Jamie Dimon's much-anticipated testimony before the Senate Banking Committee on the chief investment office division's trading losses offered few new insights into what exactly was going on in the management of risk at JPMorgan Chase. 

But what is clear is that greater focus by banks and regulators is needed on the quality of the risk governance and infrastructure of the banking sector. 

What could have been a unique opportunity to spotlight the criticality of risk management practices instead largely devolved into questioning around aspects of regulatory reform meant more to score political points than to address fundamental breakdowns in risk management. 

When banks get into trouble, you can follow the trail back to a lack of governance, process and controls in managing risk. The JPMorgan trading losses are no exception.   

At the core of the losses were issues with the independence of the CIO risk committee; the structure of trader compensation for managing the synthetic credit portfolio; lack of bifurcation of hedging and proprietary trading activities; poor CIO risk limit controls; and the governance surrounding risk models.  Dimon has taken actions to strengthen risk processes, but it is interesting that, according to his testimony, the internal investigation of what went wrong is being led not by the chief risk officer but by the CEO of the company's treasury business. 

To be fair, some questions on these issues were raised at the hearing, but little detail was forthcoming from Dimon. The weak link in the chain of risk management deficiencies in this specific case was the independent CIO risk committee. This committee was doing its own reviews of risks and had no direct linkage back to the bank's enterprise risk committee, headed by the bank's CRO.  Information, Dimon noted, did not properly flow up to the CRO and his committee, as it would in other companies. This atypical structure inhibited the bank from understanding the volatility and size of the trades against risk limits.

Had this information been made available to the CRO and enterprise risk committee in advance of the trading strategy being executed, or even while in place, greater risk transparency would have enabled JPMorgan management to gauge the intended macro-hedge strategy against the bank's risk appetite. It also would have better informed both the board and the under-resourced Office of the Comptroller of the Currency, JPMorgan's regulator, which I believe has been unfairly blamed for failing to spot the problems.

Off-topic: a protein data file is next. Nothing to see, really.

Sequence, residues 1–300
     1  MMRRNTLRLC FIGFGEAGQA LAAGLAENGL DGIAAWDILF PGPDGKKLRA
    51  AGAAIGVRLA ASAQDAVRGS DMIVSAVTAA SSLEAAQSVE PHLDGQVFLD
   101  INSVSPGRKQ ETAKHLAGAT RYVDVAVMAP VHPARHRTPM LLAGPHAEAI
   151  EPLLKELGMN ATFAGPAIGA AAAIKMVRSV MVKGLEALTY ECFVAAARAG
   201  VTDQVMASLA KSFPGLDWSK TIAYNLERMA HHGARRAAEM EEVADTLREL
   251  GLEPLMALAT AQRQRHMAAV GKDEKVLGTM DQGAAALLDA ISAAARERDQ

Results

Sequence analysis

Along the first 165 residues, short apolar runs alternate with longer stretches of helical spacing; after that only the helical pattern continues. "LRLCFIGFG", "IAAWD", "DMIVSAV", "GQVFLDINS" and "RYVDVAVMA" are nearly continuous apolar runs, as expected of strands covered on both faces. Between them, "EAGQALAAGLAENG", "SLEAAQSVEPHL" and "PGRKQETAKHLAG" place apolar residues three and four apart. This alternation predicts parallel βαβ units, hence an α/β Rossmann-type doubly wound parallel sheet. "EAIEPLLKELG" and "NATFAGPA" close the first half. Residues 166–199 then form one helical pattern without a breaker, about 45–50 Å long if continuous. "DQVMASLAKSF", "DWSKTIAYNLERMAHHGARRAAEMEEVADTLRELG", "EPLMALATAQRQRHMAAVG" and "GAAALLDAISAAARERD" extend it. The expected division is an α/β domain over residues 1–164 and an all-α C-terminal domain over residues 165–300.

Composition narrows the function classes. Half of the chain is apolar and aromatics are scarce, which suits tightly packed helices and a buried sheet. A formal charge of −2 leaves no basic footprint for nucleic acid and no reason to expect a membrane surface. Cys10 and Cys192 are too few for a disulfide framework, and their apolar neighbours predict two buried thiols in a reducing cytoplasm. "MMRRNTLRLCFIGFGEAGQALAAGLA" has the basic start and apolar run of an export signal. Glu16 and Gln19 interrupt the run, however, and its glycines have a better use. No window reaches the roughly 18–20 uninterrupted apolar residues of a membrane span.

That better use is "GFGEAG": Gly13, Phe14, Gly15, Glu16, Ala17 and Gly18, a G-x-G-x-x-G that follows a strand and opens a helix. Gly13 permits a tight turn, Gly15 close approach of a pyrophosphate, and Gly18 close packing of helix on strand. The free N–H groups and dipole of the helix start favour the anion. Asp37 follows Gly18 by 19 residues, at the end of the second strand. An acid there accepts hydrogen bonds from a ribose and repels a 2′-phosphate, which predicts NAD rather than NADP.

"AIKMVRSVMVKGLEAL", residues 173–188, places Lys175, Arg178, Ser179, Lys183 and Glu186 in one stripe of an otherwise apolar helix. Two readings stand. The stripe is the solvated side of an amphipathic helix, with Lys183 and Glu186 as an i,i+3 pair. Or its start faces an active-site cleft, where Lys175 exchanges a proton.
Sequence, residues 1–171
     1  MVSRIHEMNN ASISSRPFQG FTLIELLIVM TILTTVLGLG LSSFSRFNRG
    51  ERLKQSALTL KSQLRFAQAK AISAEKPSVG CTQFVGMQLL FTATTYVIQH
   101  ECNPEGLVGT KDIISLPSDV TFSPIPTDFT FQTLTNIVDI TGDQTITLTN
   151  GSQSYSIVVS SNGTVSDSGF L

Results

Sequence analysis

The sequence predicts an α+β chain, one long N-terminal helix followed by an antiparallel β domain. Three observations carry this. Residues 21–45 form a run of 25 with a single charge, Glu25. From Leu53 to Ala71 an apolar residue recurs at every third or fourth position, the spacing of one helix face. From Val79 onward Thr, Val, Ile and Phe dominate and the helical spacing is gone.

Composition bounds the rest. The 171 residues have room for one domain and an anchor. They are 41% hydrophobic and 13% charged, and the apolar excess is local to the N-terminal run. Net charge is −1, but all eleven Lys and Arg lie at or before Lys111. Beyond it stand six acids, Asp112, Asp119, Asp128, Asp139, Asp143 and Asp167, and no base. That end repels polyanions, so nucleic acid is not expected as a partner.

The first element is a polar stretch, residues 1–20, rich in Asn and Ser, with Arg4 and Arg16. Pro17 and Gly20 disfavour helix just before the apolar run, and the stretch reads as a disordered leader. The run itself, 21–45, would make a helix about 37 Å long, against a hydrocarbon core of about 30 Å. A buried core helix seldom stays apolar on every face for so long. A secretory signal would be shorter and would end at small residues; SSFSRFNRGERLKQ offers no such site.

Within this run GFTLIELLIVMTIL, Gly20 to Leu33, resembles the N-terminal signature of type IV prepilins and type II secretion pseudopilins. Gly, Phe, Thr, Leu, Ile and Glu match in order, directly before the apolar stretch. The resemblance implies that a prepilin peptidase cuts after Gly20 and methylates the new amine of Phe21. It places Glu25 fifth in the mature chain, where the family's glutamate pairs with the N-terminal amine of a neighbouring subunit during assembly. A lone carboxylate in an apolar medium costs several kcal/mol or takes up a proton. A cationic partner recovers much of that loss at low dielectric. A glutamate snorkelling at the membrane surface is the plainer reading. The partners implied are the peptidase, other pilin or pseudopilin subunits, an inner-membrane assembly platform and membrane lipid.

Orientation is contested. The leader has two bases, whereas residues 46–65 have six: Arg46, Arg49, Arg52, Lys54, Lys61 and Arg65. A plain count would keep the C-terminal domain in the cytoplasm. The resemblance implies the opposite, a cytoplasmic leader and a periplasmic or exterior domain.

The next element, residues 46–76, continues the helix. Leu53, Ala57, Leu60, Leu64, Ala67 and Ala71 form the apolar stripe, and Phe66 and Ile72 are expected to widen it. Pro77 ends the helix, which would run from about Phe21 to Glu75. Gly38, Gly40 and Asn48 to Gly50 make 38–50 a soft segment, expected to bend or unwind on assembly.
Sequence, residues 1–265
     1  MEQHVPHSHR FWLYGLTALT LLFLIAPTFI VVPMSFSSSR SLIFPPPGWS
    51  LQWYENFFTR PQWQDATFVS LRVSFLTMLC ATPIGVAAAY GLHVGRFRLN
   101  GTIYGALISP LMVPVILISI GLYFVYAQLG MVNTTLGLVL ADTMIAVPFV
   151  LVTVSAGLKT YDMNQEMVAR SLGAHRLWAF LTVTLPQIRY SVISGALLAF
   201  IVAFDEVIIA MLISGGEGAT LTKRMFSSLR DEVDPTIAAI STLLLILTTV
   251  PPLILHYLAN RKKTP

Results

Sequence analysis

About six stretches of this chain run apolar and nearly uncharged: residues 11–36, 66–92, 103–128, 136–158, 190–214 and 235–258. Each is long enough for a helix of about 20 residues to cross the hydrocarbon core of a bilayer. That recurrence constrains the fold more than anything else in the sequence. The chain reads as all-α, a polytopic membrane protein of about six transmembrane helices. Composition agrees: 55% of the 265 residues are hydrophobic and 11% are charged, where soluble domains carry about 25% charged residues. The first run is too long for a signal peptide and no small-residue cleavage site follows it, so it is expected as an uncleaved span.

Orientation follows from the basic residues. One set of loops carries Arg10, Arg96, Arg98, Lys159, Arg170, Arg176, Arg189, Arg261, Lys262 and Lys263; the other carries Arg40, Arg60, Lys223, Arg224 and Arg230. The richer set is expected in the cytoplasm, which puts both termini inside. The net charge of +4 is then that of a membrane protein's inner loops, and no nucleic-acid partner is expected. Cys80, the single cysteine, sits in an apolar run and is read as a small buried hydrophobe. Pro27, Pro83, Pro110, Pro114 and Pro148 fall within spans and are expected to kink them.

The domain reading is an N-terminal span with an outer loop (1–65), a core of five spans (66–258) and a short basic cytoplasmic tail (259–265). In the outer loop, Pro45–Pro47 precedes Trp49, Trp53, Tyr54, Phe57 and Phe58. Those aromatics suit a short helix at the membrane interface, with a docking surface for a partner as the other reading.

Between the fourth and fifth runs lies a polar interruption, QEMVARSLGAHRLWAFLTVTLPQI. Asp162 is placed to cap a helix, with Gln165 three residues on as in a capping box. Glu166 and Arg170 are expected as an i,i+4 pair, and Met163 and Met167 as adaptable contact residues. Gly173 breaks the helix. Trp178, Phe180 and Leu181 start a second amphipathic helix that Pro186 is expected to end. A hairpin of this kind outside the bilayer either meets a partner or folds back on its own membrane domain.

In addition, when pressed about the structure of CIO trader compensation, noticeably absent from Dimon's response was any reference to whether a component of trader pay was based on risk mitigation activities that would have better aligned incentives for these individuals with the risk of the transactions.

The recurring question of what differentiates hedging from proprietary trading came up during the hearing with little clarity on the subject being offered other than Dimon's reiteration that macro hedging is an appropriate activity for banks. Conceptually that may be true, but the execution of such a strategy depends on a number of factors, starting with the explicit articulation of the hedge strategy, its objectives and general structure.

What seems to be tripping up many observers of this issue is that hedging is not a static activity, but in fact may change throughout the period over which the hedge is put in place. So an initial hedge position designed to offset losses in the credit portfolio from a systemic event can be adjusted over time by unwinding or trading out of positions to fine-tune the hedge to current market conditions. 

From that standpoint, the strategy might still be considered a hedge, but it becomes more difficult to support that view without having a well-laid out plan to begin with as a guidepost, traders compensated for risk mitigation and an operating model where hedging and trading activities are housed in different areas of the company.  Under the Volcker Rule, the CIO trades would not likely have passed some of the hedge exemption criteria for some of the reasons cited above, among others.

Finally, the processes in place for CIO risk limits and the validation and approval of risk models simply compounded the problems that were likely facilitated by the independent structure of the CIO risk committee. 

As mentioned in the hearing, smart regulation, not more regulation, is what is needed. The JPMorgan trading loss serves up a classic case of risk management deficiencies that lie at the heart of bank losses and failures. Regulation that gives banks the incentive to strengthen their risk governance and practices would efficiently and effectively mitigate the kind of blowups that seem to occur with alarming frequency. 

One way to do this would be to reform the Federal Deposit Insurance Corp.'s risk-based deposit insurance pricing to give heavier weight and specification to bank risk governance and processes than exists currently in that framework. 

How many MF Globals, Long-Term Capital Managements and London Whales have to flounder before legislators realize that regulation should focus on the root causes for these problems, namely the underlying risk management of the firm?

Clifford Rossi is an executive-in-residence and Tyser Teaching Fellow at the University of Maryland's Robert H. Smith School of Business. He has held senior risk management and credit positions at Citigroup, Washington Mutual, Countrywide, Freddie Mac and Fannie Mae.